The common nighthawk, Chordeiles minor is widely distributed throughout North America during their breeding season but migrates to South America for the winter. Chordeiles minor is commonly observed during the summer chasing insects at both dusk and dawn. Externally, the common nighthawk resembles other caprimulgiforms by its cryptic plumage, large eyes, flattened head, and large mouth. In flight, a white wing patch is visible on the primaries (Poulin et al., 1996).
Chordeiles minor is allocated to 'Caprimulgiformes'. A group that traditionally includes Caprimulgidae (nightjars, including C. minor), Nyctibiidae (potoos), Steatornithidae (oilbirds), Aegothelidae (owlet-nightjars), and Podargidae (frogmouths). The caprimulgiforms, however, may compose a paraphyletic assemblage with respect to hummingbirds and swifts (Mayr, 2002). The monophyly of Caprimulgidae is not questioned, and a number of osteological characters support a sister-group relationship between this taxon and Nyctibiidae. These include a cone-like bony protrusion at the caudal margin of the foramen nervi optici, extremely widened palatine, paraocciptal process that protrudes strongly in the ventral direction, mandible with an intraramal joint, the caudal half of the mandible is greatly widened and dorso-ventrally flattened, and the caudal end of the mandible is unusually small with a very short lateral condyle and stout medial process (Mayr, 2002).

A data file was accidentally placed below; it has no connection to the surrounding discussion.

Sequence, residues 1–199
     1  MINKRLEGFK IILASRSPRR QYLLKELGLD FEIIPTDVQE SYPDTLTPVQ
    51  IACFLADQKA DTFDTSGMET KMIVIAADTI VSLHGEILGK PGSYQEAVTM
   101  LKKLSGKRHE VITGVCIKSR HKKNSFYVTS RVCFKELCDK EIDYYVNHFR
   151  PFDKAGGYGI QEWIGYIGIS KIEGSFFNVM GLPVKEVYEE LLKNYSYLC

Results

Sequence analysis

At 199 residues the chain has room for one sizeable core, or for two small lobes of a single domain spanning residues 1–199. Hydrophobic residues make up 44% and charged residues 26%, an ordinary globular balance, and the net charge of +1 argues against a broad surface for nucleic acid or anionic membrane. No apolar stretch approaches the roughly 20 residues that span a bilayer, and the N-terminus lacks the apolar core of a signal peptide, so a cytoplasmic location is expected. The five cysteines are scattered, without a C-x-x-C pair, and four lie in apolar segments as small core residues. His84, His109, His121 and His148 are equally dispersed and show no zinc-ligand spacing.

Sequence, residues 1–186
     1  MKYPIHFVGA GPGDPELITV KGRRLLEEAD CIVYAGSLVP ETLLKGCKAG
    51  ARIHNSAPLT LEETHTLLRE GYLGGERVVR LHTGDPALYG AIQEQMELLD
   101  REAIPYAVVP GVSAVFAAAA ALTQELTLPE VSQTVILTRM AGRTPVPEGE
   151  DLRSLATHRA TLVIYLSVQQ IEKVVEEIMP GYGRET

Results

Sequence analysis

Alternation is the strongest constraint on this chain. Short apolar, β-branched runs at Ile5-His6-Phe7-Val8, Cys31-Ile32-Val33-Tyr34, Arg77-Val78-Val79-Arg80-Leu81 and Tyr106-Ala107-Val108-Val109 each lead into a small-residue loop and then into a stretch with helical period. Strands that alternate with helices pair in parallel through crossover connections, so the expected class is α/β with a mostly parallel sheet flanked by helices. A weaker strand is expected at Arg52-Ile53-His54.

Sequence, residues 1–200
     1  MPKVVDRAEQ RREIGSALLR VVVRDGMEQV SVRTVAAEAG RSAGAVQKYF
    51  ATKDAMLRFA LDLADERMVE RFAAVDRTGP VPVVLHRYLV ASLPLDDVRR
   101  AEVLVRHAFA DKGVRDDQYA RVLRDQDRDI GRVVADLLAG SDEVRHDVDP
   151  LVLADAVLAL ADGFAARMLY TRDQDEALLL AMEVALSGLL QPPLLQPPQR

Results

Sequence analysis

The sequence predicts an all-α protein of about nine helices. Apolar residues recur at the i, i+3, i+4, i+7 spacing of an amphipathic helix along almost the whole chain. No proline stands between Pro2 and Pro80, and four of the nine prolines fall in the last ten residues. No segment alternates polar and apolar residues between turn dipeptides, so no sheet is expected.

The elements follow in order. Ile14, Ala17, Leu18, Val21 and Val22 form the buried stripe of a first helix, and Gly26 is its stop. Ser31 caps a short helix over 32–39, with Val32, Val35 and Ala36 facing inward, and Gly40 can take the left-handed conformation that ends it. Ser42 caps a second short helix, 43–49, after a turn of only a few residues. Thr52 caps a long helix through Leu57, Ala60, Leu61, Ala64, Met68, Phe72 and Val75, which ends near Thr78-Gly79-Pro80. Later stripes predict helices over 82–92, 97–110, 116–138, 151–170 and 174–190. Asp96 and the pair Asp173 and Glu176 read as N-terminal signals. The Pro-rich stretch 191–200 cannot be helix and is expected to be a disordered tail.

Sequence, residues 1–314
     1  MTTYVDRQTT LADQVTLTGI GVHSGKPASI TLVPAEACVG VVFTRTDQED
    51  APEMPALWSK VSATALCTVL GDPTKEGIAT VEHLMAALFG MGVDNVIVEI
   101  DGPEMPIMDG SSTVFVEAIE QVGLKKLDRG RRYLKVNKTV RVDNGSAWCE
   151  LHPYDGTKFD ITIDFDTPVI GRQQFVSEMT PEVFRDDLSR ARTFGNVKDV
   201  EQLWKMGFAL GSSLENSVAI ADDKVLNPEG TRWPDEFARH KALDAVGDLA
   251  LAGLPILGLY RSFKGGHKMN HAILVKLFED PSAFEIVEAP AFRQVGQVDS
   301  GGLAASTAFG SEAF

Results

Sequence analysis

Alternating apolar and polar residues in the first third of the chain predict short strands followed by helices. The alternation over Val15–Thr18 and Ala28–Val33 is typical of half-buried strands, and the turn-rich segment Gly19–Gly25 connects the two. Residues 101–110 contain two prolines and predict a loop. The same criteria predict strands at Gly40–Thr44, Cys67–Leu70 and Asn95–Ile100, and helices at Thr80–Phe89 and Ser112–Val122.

The fossil record of 'caprimulgiform' birds extends back to the lower Eocene of Wyoming. A nearly complete skeleton of Prefica nivea from the Green River Formation was described by Olson (1987). A number of well-preserved specimens also are known from the middle Eocene deposits of Messel (Germany) (Mayr, 2001).
Baumel, J. J., A. S. King, J. E. Breazile, H. E. Evans, and J. C. Vanden Berge (eds.). 1993. Handbook of Avian Anatomy: Nomina Anatomica Avium, Second Edition. Publication of the Nuttall Ornithological Club, number 23. Nuttall Ornithological Club, Cambridge, Massachusetts, 779 pp.
Mayr, G. 1999. Caprimulgiform birds from the middle Eocene of Messel (Hessen, Germany). Journal of Vertebrate Paleontology 19:521-532.
Mayr, G. 2001. Comments on the osteology of Masillapodargus longipes Mayr 1999 and Paraprefica major Mayr 1999, caprimulgiform birds from the Middle Eocene of Messel (Hessen, Germany). Neues Jahrbuch für Geologie und Paläontologie, Monatshefte, 2001:65-76.
Mayr, G. 2002. Osteological evidence for paraphyly of the avian order Caprimulgiformes (nightjars and allies). Journal für Ornithologie 143:82-97.
Olson, S. L. 1987. An early Eocene oilbird from the Green River Formation of Wyoming (Caprimulgiformes:Steatornithidae). Documents des laboratoires de geologie de la Faculte des sciences de Lyon 99:57-69.
Poulin, R. G., S. D. Grindal, and R. M. Brigham. 1996. Common Nighthawk. The Birds of North America 213:1-20.
Shufeldt, R. W. 1885. Contribution to the comparative osteology of the Trochilidae, Caprimulgidae, and Cypselidae. Proceedings of the Zoological Society of London 1885:886-915.
Chordeiles minor on the Animal Diversity Web (Univ. of Michigan Museum of Zoology).
Images of C. minor on AvesPhoto.com.
Images of C. minor on CalPhotos, Berkeley's Digital Library Project.